It’s a new year at the RSPB Lochwinnoch reserve and with it there has been plenty of wildlife to see around the reserve. The sighting that has caused the most excitement this month was a white-tailed eagle spotted at the south end of the Barr Loch on the 10th of January. The reason why it is so fantastic to have one of these birds visit the reserve is because they are an international conservation success story. They became extinct in Britain in the early 1900s but a reintroduction programme that brought chicks over from Norway to the Island of Rum has saw their numbers start to rise again. They make an impressive sight, and they hold the title for the largest UK bird of prey, fourth largest in the world!

There have been some wonderful sightings of hen harriers flying over the reserve this month. These stunning birds of prey are on the red list in the UK as persecution has led to a dramatic decrease in their numbers over the years although thankfully conservation efforts have been helping to reduce this. Female hen harriers and juvenile males are hard to distinguish between and are often referred to as ringtails due to the distinctive banding on their tail. They are well known for their beautiful displays during the breeding season where the males will pass food to the female in mid-air in a spectacular performance known as skydancing.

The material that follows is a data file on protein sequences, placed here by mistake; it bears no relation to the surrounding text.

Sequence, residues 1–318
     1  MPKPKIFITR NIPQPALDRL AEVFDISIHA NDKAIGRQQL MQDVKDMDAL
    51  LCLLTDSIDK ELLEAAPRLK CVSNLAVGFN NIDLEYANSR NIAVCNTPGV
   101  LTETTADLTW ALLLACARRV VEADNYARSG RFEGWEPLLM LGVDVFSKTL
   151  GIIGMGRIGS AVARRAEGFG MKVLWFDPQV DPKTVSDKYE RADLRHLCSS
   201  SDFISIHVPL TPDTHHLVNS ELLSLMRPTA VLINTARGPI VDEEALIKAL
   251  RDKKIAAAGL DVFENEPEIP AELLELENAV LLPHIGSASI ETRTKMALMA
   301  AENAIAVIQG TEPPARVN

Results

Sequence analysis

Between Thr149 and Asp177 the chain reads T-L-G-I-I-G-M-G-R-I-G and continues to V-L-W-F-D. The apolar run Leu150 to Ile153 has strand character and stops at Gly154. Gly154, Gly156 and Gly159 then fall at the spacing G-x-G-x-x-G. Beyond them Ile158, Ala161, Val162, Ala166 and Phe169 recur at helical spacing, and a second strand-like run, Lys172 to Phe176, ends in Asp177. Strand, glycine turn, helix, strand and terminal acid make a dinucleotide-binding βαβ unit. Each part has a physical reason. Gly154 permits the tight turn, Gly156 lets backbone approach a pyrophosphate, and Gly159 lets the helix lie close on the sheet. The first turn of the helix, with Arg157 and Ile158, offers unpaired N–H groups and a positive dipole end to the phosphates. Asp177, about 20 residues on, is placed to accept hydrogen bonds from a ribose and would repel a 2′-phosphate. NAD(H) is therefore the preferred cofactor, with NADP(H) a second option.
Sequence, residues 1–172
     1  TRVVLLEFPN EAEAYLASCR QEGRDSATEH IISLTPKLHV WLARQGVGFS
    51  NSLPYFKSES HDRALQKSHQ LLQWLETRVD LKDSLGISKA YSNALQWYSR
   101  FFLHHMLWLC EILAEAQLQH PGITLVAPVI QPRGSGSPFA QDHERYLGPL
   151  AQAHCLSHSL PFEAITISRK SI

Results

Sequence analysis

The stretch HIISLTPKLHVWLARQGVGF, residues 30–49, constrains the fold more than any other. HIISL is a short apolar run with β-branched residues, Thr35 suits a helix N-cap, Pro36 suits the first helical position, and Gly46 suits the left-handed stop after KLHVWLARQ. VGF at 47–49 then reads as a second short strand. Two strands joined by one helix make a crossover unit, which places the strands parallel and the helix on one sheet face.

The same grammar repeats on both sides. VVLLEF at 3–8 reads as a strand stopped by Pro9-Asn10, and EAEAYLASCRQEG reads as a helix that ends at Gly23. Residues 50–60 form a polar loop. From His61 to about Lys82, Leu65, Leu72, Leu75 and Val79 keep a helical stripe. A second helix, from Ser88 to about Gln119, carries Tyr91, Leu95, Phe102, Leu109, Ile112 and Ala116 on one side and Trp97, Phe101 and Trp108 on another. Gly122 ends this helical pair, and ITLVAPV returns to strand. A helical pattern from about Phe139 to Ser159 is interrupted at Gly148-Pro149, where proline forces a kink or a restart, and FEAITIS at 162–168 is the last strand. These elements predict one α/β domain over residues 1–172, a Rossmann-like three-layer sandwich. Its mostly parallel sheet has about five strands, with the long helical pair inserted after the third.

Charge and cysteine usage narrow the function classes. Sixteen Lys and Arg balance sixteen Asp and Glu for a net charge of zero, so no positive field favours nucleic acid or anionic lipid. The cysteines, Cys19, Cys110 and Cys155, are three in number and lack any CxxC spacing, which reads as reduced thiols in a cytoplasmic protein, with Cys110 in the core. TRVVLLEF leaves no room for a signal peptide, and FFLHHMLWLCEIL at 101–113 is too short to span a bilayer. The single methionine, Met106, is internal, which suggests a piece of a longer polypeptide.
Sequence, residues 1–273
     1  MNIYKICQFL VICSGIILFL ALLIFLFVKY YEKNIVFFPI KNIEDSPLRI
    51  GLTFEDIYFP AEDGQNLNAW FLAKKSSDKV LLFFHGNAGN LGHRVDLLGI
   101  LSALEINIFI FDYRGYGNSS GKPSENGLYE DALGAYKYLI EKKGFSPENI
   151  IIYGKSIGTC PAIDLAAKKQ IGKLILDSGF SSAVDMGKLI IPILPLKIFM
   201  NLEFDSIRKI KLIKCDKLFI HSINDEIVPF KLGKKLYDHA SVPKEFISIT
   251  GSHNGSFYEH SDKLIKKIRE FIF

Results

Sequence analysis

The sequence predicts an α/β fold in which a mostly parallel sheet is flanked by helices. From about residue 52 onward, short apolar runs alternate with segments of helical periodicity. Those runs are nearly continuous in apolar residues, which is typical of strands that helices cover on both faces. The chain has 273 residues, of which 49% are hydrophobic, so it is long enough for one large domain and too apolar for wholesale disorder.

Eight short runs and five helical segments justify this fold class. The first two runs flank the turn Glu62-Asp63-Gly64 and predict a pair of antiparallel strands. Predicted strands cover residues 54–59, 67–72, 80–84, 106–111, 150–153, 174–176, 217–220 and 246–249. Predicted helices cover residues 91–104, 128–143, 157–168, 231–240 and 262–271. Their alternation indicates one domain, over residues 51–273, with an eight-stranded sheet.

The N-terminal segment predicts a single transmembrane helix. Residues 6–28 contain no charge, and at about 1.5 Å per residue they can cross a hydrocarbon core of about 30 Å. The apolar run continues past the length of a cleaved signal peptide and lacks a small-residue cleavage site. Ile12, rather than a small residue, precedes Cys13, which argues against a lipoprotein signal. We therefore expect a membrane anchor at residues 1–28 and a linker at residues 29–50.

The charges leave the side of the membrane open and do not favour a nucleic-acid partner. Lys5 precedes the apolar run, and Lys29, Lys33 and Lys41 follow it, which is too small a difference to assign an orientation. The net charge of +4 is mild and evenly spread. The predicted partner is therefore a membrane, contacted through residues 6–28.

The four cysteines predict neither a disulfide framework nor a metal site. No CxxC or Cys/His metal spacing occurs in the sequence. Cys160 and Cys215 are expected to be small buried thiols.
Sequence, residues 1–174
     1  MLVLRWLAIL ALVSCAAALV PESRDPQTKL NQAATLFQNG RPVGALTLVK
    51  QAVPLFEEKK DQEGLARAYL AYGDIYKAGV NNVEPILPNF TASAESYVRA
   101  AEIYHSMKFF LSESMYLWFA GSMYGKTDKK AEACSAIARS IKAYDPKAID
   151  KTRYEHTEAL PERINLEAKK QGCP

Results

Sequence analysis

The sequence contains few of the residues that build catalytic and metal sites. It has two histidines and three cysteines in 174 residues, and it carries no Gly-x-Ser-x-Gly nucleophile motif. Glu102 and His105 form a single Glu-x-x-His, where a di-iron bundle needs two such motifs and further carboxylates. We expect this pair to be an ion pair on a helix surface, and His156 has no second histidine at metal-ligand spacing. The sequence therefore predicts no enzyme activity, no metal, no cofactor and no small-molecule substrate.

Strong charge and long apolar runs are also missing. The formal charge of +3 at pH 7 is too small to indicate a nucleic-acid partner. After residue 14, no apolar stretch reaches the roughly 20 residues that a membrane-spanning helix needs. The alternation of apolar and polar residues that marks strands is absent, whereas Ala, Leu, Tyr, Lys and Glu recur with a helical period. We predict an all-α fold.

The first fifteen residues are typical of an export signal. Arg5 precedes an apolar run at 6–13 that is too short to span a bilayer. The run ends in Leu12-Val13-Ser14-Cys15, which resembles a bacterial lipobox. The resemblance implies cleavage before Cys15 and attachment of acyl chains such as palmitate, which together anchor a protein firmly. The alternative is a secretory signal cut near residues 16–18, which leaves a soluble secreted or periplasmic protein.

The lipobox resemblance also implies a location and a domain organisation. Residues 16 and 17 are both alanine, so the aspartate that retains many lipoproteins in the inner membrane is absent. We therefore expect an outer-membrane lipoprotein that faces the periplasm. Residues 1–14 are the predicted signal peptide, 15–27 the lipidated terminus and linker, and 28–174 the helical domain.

Ringtail hen harrier flying over the reserve, Photo by Len McDonald

 

The smaller birds have also been making themselves known on the reserve with stonechats spotted on the Aird meadow. Male stonechats are striking birds with black heads and orange-red breasts while the females lack the males black head. They live up to their name with their sharp loud calls that sound like stones being tapped together. There has also been lots of tit species around the reserve including blue tits, coal tits, long tailed tits and great tits. The great tit is the largest UK tit and it makes for a beautiful sight with its green and yellow colouring and glossy black head. Great tits have become well known for adapting readily to man-made habitats and have become a regular sighting in gardens. In the winter, tit species join together to form roaming flocks to search for food.

 

Great tit on the Aird Meadow, Photo by Rachel Reid

 

Other sightings on the reserve include 150 greylag geese and 250 Canada geese. There has also been over 100 lapwing counted around the reserve. The drake smew has been spotted frequently on the Aird Meadow and has occasionally been joined by the female with some signs of displaying between them. There has also been over 50 goldeneye counted on the Barr Loch.

 

Drake smew on the Aird Meadow Loch, Photo by Len McDonald

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